1. #1
    Kyle Wickman
    Firehouse.com Guest

    Post lightening vs propane tank

    So what would happen? With a BBQ tank that is, sitting ond a deck?

  2. #2
    MetalMedic
    Firehouse.com Guest

    Post

    That's a wide open question. I could see a propane tank becoming part of a circuit and absolutely nothing happening. I could also see the potential for an instant BLEVE considering the temperatures I have read that lightening creates. One thing is for sure, Mother Nature always wins.

    ------------------
    Richard Nester
    Orrville (OH) Fire Dept.

  3. #3
    SRVFD2
    Firehouse.com Guest

    Question

    The Propane Council provides excellent training materials to any dept. wanting them - I'm not sure that question is addressed in them, though!! Go to www.propanesafety.com, and see if you can get an answer. (And, if so, I'd appreciated hearing it!!)

    ------------------
    God is our Fire Chief;
    Jesus is our Incident Commander.

  4. #4
    AVF&R452
    Firehouse.com Guest

    Post

    Just a couple of thoughts,

    1. If the tank is sitting on a deck, Chances are that it is NOT grounded. A nearby GROUNDED object makes a much more likely target.

    2. In the event that a propane tank/plumbing is involved in a lightning strike I think I would be concerned with possible leaks due to cracks or arcing of the copper plumbing. A small leak may be undetectable at first but could be a real problem later as the concentration builds.

    3. I suspect that there are very few absolutes when it comes to lightning. The potential exists for a serious emergency.

    4. I would guess that the NFPA, Through the National Fuel Gas Code and the National Electrical Code would have recommendations to prevent/minimize the potential for loss of life and property in this type of situation. This is only useful BEFORE the fact!

    5. Your local Propane supplier is a good source of information, Call them!

    Stay Safe

    Jim

  5. #5
    Kyle Wickman
    Firehouse.com Guest

    Post

    I did here a story of one getting hit and it spit apart. The tank was for the most part empty. They said that the tank spit apart and there was a nice size fire ball. Then that was it. What if it was full? Would it take out a city block? Its seems like any one with a BBQ as a nice size bomb in there back yard.

  6. #6
    nomad1085
    Firehouse.com Guest

    Post

    Well, in order for a BBQ setup to get hit by lightning, it would have to be the best target, meaning no trees, roof tops, phone poles, etc. Of course, it could just decide to hit it because lighting does some wired things occasionally. As mentioned above, if the tank was directly hit, it would probably breach and the enormous amony of heat would probably ignite it. If it was empty, it would be a little poof. If it were full, well, I don't think I'd want to be anywhere near that deck. Your basic "Insta-Bleve".

    A normal electrical current (Household power) would probably just go to ground through the metal tank, but lightning is conciderably warmer than 110 volt house current.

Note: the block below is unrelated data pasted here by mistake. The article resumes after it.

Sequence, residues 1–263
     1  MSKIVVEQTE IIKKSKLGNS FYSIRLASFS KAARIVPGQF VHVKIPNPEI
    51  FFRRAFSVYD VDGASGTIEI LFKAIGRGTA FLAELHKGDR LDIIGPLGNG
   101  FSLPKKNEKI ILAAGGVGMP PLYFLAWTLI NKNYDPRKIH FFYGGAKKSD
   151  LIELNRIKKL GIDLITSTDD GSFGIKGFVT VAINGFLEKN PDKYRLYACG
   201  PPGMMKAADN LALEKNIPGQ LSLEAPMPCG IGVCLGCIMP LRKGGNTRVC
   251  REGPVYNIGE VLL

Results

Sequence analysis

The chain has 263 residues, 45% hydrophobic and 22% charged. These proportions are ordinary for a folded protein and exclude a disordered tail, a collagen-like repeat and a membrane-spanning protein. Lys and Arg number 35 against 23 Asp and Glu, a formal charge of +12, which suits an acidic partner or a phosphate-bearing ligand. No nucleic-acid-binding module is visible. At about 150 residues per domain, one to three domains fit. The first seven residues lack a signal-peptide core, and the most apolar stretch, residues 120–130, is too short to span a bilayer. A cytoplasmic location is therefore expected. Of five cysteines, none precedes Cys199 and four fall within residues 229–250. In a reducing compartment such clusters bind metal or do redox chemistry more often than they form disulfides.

But, seeing that a grill getting directly hit by lighting is highly unlikely, I'd be more worried about a tree getting hit and falling on it, crushing the grill and the deck!

    Matt

  7. #7
    RJE
    Firehouse.com Guest

    Post

    Not quite the same, but saw the after affects of a similar one once. There was a farm, w/a single wide on the crest of the hill. Heat was provided by a typical "rural" LPG tank (10ft long or so, hard to tell, afterwards). The property was sold, new owner had the trailer removed, prep for building a custom house. Meanwhile, big thunderstorm comes through.

    This tank is at the high point (now that the trailer is gone). There's no trees in the immediate vicinity. Power Co. has recently put all powerlines underground (to limit storm damage, this is tornado country!). So, the tank (1/2 full) gets a direct hit (they think).

    No one was in the immediate area to see, but we got 50+ calls, mostly from a sub-division 1/2 mile south, reporting explosion (very loud bang) followed by fireball, but now they can't see anything, not even smoke.

    When we finally found it (1/2 hour search) it was because one end (about a 1/4th) of the tank was over 1/4 mile west, embedded in a hillside just west of a road. One of the Sheriffs units was giving up, and went down the N/S road and saw it. We lined up on where it hit, and saw a tree w/ the top broken off. Lining these up, we finally found the right driveway.

    One metal leg was visible at ground level. Another was unearthed later (while digging the foundation for the house) about 7 feet down. The other end was never found, either vaporized or in the bottom of a pond? There was one about 1/4 mile the other direction.

    All I can say is I'm glad I wasn't close to it!

    BTW, heavy rain, combined with scraped lot bare dirt), so no residual fire. It all went in one pop.

  8. #8
    Kyle Wickman
    Firehouse.com Guest

    Post

    Wow, thats what i thought would happen.

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